Pediatric Investigation (2019-06-01)

Comparison of magnetic resonance imaging and computed tomography to measure preoperative parameters of children with pectus excavatum

  • Jihang Sun,
  • Chenghao Chen,
  • Yun Peng,
  • Yue Zhang,
  • Hongwei Tian,
  • Jie Yu,
  • Jun Cao,
  • Qi Zeng

DOI
https://doi.org/10.1002/ped4.12132
Journal volume & issue
Vol. 3, no. 2
pp. 102 – 109

Abstract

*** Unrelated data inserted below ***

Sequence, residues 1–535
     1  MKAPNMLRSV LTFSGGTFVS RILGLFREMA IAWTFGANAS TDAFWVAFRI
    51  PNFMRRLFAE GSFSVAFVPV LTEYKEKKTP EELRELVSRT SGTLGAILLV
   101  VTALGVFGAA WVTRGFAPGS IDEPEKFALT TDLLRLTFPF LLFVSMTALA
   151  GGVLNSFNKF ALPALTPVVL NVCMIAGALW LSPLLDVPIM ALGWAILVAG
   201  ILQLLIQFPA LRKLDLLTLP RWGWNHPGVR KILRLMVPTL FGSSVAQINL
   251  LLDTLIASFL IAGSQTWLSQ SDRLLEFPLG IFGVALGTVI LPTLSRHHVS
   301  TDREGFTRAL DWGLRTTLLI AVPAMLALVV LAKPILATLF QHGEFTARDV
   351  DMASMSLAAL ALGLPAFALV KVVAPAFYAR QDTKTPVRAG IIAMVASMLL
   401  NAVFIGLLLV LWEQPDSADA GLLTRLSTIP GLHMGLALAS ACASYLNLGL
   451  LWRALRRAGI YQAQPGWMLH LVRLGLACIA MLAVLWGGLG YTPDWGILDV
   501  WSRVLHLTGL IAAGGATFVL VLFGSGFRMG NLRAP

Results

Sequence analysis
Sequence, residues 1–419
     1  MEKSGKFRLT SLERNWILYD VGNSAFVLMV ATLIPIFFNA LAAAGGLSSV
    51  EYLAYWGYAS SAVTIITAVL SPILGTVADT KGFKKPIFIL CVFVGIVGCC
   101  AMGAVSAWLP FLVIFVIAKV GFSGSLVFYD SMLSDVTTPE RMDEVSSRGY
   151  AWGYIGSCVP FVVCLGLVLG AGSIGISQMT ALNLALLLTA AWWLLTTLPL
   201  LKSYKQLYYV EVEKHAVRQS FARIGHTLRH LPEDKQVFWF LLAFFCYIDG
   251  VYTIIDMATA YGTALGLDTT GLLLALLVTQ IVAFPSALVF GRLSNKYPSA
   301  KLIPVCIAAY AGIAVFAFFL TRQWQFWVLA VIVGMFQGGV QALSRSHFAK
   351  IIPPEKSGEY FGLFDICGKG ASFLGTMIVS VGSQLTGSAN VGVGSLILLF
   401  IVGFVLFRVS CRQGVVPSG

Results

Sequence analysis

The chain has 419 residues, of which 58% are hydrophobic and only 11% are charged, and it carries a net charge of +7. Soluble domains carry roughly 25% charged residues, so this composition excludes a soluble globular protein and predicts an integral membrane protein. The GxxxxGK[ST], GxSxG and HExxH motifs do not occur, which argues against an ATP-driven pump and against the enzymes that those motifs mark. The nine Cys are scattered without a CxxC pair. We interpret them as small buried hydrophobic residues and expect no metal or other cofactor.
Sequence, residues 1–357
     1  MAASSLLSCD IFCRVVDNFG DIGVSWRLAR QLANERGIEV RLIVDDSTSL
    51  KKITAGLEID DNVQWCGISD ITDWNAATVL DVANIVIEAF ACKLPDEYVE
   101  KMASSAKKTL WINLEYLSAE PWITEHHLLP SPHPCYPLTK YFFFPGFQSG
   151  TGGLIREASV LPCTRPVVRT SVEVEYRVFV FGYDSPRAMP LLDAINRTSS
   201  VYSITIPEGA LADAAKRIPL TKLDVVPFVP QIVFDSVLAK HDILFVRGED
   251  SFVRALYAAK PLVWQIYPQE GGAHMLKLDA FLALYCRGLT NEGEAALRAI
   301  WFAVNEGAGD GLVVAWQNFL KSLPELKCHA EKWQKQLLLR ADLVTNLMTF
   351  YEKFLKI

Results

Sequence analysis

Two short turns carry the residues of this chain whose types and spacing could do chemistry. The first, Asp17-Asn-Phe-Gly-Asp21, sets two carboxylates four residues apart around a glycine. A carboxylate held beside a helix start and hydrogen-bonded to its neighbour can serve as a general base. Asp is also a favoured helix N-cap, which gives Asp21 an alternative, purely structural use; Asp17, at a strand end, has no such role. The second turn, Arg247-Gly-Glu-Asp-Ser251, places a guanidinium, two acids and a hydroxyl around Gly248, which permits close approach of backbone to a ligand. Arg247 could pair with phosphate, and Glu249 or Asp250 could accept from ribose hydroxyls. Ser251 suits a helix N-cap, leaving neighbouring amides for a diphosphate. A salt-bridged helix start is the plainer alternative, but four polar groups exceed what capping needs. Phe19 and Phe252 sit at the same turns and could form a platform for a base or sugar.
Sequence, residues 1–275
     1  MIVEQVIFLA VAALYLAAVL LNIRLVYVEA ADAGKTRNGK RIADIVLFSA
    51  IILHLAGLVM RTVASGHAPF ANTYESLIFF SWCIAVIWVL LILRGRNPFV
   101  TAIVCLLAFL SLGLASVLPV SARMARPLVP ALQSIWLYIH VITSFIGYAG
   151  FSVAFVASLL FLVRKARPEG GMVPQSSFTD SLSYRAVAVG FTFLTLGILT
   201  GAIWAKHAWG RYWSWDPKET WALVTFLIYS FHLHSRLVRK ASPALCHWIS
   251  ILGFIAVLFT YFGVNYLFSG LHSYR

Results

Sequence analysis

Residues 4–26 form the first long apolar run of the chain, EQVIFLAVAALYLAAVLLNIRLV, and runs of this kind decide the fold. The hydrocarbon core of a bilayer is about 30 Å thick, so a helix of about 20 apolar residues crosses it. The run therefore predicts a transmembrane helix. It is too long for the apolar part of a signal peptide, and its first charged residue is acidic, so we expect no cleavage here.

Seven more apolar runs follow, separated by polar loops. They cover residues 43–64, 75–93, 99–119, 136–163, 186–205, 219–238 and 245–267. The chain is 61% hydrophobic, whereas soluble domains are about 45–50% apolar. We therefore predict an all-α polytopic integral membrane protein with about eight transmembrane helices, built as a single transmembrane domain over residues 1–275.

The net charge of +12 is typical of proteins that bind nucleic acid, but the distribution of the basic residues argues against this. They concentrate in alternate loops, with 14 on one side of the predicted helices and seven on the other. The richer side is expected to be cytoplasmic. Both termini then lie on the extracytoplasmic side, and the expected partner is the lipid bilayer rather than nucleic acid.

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Abstract Importance Pectus excavatum (PE) is the most common thoracic wall deformity in children, we need a method which could be used to evaluate pulmonary functions and effects on development. Objective To evaluate the use of 3D T1‐weighted (3DT1) and mDIXON magnetic resonance imaging (MRI) sequences for measuring the thoracic parameters and morphology of children with PE, comparing the measurements with those made on computed tomography (CT). Methods This is a retrospective study of children with thoracic deformities who were hospitalized at the Department of Thoracic Surgery of the Heart Center, Beijing Children's Hospital, between June 2014 and June 2015. Chest CT was performed first, with the MRI scanning then being performed 0–3 days later. The mDIXON sequences were obtained in inspiratory and expiratory phases and the 3DT1 sequences were obtained during free breathing. Thoracic volume was measured using the acquired images. Results The lung volumes measured on mDIXON MRI and CT were highly correlated, with the Haller index not being significantly different between the two methods. Bland‐Altman analyses showed that lung, cardiac, and retrosternal parameters were similar between the two methods. Pulmonary parameters were higher with the end‐inspiratory phase mDIXON images than with the end‐expiratory phase images, as expected, while cardiac parameters were unaffected by the respiratory phase. Interpretation Thoracic volumes measured on mDIXON MRI in combination with held respiration could reflect lung volume functions and help in observing the movement functions of the lungs and heart. The method could be used instead of CT, avoiding subjecting the patient to potentially harmful radiation.

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